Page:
NET migration of people to the UK hit a record high in 2022, according to new figures from the Office for National Statistics (ONS).

Some 606,000 more people arrived in the UK than left, the new data says. This is roughly equivalent to the entire population of Glasgow, according to estimates from the National Records of Scotland.

The ONS said a total of 1.2 million people are likely to have migrated to the UK in 2022, while 557,000 are estimated to have migrated from the UK in the same period.

The 606,000 figure, which is the difference between the number of people moving to the UK and the number leaving, is up from 488,000 in 2021.

READ MORE: 'Disrespect': British army veteran trapped in UK asylum system speaks out

The estimates include people who have come to the UK from Ukraine and Hong Kong under resettlement schemes, as well as overseas students – though there are signs that those who first arrived for study reasons in 2021 are now starting to leave, according to the ONS.

The SNP said that the “Westminster obsession with net migration figures masks the fact the UK Government is failing to attract the talent we need in key sectors to boost our economy and NHS”.

The party’s home affairs spokesperson, Alison Thewliss, went on: “Damaging Tory and Labour Brexit and hostile environment policies have driven talent away – and caused staffing shortages that have harmed our NHS, businesses and public services, leaving people in Scotland worse off.”

And Labour accused Home Secretary Suella Braverman of having "gone to ground" to avoid scrutiny over the figures.

Jay Lindop, ONS director of the centre for international migration, said a series of “unprecedented world events throughout 2022”, together with the lifting of restrictions following the Covid-19 pandemic, led to record levels of international immigration to the UK.

She continued: “The main drivers of the increase were people coming to the UK from non-EU countries for work, study and for humanitarian purposes, including those arriving from Ukraine and Hong Kong.

“There are some signs that the underlying drivers behind these high levels of migration are changing. As lockdown restrictions were lifted in 2021, we saw a sharp increase in students arriving. Recent data suggests that those arriving in 2021 are now leaving the country, with the overall share of non-EU immigration for students falling in 2022.

“In contrast, those arriving on humanitarian routes increased over the 12 months. Evidence also suggests immigration has slowed in recent months, potentially demonstrating the temporary nature of these events.”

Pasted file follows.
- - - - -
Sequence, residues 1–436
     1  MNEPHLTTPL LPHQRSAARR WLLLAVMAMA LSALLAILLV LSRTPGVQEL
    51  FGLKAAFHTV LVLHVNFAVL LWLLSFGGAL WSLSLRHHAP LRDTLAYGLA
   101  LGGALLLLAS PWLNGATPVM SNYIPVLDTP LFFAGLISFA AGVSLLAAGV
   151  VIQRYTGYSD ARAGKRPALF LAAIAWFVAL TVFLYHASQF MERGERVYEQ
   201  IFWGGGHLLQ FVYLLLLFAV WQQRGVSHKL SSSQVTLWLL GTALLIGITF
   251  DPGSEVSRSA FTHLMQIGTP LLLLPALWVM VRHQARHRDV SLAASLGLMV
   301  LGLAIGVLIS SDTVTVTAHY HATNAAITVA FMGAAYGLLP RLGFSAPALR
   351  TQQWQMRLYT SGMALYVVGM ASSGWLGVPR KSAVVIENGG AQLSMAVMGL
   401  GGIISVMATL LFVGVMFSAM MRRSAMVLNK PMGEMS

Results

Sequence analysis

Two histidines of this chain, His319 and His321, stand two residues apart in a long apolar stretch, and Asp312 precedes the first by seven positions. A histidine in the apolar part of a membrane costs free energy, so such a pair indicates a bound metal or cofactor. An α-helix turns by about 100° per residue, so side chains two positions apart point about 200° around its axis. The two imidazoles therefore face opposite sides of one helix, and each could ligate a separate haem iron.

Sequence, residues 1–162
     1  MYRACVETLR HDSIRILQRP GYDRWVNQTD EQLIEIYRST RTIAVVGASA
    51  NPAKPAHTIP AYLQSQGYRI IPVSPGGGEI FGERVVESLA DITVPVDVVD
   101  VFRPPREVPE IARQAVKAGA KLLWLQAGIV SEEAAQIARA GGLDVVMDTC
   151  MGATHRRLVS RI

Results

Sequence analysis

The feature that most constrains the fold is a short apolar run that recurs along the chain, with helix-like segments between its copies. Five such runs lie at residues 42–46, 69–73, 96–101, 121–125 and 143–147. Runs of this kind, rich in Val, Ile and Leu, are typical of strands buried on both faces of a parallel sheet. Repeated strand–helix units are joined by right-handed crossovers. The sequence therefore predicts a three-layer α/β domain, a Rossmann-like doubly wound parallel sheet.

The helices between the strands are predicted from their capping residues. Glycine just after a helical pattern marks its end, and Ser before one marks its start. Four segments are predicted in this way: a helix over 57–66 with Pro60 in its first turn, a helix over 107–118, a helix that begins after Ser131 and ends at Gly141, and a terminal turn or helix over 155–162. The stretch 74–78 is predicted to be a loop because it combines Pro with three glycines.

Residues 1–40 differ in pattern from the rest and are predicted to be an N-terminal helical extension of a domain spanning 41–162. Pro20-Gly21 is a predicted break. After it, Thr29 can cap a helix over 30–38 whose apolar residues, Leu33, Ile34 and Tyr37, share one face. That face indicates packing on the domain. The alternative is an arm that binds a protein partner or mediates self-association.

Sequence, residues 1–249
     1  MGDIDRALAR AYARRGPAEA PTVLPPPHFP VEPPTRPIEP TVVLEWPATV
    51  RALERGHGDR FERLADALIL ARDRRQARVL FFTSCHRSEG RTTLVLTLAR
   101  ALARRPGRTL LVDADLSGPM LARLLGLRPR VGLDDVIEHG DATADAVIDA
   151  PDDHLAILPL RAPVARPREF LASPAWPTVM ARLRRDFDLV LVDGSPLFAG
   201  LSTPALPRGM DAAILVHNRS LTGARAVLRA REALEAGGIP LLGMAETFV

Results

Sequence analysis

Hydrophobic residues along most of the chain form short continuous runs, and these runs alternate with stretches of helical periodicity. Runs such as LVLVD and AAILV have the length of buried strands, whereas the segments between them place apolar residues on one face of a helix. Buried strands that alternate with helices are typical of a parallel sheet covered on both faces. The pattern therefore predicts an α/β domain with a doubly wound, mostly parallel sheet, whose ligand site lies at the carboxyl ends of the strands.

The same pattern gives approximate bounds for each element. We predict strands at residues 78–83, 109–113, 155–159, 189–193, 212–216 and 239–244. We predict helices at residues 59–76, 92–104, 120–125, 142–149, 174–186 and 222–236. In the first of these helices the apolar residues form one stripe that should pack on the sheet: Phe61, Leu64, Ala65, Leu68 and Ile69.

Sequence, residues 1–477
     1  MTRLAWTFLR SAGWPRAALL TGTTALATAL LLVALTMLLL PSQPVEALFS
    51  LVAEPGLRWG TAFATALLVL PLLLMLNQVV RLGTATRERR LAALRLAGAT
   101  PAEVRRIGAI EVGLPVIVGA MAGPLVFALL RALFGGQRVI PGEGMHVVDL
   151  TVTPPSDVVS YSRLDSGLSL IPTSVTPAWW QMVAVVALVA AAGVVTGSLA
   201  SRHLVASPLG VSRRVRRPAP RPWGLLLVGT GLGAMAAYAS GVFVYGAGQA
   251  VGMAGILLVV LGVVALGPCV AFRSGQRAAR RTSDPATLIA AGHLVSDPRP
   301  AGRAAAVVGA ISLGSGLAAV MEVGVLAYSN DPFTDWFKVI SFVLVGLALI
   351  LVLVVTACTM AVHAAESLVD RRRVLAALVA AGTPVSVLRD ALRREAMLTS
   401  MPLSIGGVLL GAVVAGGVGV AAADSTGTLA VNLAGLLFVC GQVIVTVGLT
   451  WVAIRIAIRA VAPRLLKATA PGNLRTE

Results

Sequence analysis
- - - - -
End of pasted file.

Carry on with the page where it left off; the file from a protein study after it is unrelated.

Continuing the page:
READ MORE: Asylum seekers could lose basic housing protections under new plans

Immigration is estimated to have slowed in recent months while emigration has increased, meaning the net migration total of 606,000 for the year to December 2022 is similar to the level in the 12 months to June 2022, the ONS said.

Previous migration data has been revised to include asylum applicants for the first time, meaning the original estimate for the year to June – 504,000 – has been increased by just over 100,000.

The new figures show some 925,000 non-EU nationals are likely to have come to the UK during the whole of 2022, compared with 263,000 who left the country.

The reverse is true for EU nationals, with more estimated to have left the UK – 202,000 – than arrived – 151,000.

People arriving on study-related visas accounted for the largest proportion (39%) of long-term immigration of non-EU nationals last year, at 361,000 people, up from 301,000 in 2021.

This increase is mainly attributed to people arriving as dependants, up from 41,000 in 2021 to 85,000 in 2022.

There is a “range of different factors” that may be influencing the increase in people arriving to study, including the new graduate visa route, where students can apply to work in the UK for up to three years after completing their studies, the ONS said.

The second-largest proportion of non-EU immigration in 2022 was people arriving on work-related visas (25%), at 235,000 people, up from 137,000 in 2021.

People coming to the UK on humanitarian routes, such as the Ukraine and Hong Kong resettlement schemes, accounted for 19% of non-EU immigration at 172,000 people, up year-on-year from 57,000.

The remainder of the total was made up of people arriving for asylum (8%), on family visas (6%) and for other reasons (3%).

People arriving in the UK after crossing the English Channel on small boats are included in the migration figures only if they have claimed asylum, the ONS added.

The National: Immigration minister Robert Jenrick announced plans to house asylum seekers (Jonathan Brady/PA)

Speaking in the Commons, Immigration minister Robert Jenrick (above) said: “These particularly high figures are in large part due to temporary and exceptional factors such as the UK’s Ukraine and Hong Kong BNO schemes.”

He went on: “These schemes command broad support from the British public and we were right to introduce them.

“The Government remains committed to reducing overall net migration to sustainable levels. That is a solemn promise we made to the British public in our manifesto, and we are unwavering in our determination to deliver it.”

Labour’s shadow home secretary Yvette Cooper told the Commons: “Today’s extraordinary figures, including doubling the number of work visas since the pandemic, show that the Conservatives have no plan and no grip on immigration.”

She went on: “Yet where is the Home Secretary who is in charge of these policies? She’s gone to ground, there are reports she is not even going to do media, she has not come to this House, she is in internal meetings, presumably more private courses arranged by the civil service.

“What is the point of her?”